SteriMed has units in operation throughout the contiguous U.S. and overseas including the U.S. Virgin Islands, Hawaii, Guam, Curacao, Spain, Ireland, Russia, Portugal, Israel, and on U.S. Navy ships. SteriMed® was also used during the Haiti earthquake recovery efforts to provide emergency waste treatment. In addition to hospitals like Blue Mountain, SteriMed® units are used in other healthcare facilities such as dialysis centers, surgical centers, clinical laboratories, blood banks, veterinary offices, medical office buildings and any healthcare facility that generates medical waste, including sharps containers.
"SteriMed Systems is an environmentally friendly solution to the global problem of waste incineration," said Dwight Morgan.
About Blue Mountain Hospital
The non-profit Blue Mountain Hospital, Inc. is an 11-bed critical access hospital serving the healthcare needs of the 15,000 residents of San Juan County in southeastern Utah. Located in Blanding, Utah, the hospital opened in 2009 and achieved accreditation from The Joint Commission on Accreditation of Healthcare Organizations (JCAHO) in 2013. The hospital provides emergency services, radiology, laboratory, general surgery, labor & delivery, and general hospital services. It also operates an eight-chair dialysis center, which is fairly unique for an independent rural hospital, and an in-house pharmacy that features the latest technology in medication dispensing. The hospital works closely with Utah Navajo Health System (UNHS), and its network of four clinics in San Juan County. The clinics refer patients to Blue Mountain Hospital for hospital and surgical services. For more information visit www.bmhutah.org.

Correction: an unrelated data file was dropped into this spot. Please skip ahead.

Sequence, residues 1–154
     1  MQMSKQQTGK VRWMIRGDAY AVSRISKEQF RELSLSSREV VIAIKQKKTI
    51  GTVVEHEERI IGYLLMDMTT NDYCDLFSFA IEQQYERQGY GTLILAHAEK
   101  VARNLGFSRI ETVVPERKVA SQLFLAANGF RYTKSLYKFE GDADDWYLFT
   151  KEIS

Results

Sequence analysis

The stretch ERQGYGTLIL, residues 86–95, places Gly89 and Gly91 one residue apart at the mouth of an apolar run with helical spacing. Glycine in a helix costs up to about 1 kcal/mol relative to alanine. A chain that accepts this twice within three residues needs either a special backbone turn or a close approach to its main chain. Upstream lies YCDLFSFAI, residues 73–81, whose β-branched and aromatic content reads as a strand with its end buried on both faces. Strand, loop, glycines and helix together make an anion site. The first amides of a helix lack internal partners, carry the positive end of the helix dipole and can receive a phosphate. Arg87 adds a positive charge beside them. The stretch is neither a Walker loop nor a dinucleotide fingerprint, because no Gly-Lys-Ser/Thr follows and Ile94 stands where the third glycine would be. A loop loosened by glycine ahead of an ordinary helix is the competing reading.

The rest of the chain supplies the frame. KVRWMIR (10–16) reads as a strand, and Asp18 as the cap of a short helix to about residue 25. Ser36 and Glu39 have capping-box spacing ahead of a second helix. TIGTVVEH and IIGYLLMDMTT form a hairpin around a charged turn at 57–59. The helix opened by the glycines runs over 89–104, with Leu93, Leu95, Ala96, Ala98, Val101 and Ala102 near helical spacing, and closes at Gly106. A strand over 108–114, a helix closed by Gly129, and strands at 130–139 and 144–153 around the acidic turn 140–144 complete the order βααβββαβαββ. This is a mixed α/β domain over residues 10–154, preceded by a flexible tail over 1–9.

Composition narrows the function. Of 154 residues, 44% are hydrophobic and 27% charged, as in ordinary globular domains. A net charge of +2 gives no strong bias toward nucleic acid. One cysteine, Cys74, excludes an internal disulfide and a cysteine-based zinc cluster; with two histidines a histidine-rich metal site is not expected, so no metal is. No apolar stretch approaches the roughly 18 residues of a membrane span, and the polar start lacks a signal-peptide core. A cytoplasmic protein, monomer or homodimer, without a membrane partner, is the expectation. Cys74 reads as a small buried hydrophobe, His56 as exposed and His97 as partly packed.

About SteriMed Systems
SteriMed® Medical Waste Solutions was founded in 2002 in response to EPA and WHO reports which concluded that burning medical waste in incinerators generates the largest amount of the super toxins, dioxins, and is the third largest source of mercury in the environment. SteriMed® developed its line of innovative medical waste processors along with its unique biodegradable disinfectant. Based in Farmington Hills, MI, SteriMed® manufacturers two units, the smaller System 15 and the larger System 70. In addition the company developed its proprietary EPA-registered SteriCid® disinfectant. SteriMed® machines and SteriCid® are approved for use in all 50 states. For more information visit www.SteriMedSystems.com. SteriMed is a member of Practice Greenhealth (www.practicegreenhealth.com), the leading healthcare industry organization dedicated solely to continued improvement in the environmental impact of healthcare.
Read more news from SteriMed Systems.
|SOURCE SteriMed Systems and Blue Mountain Hospital|
Copyright©2012 PR Newswire.
All rights reserved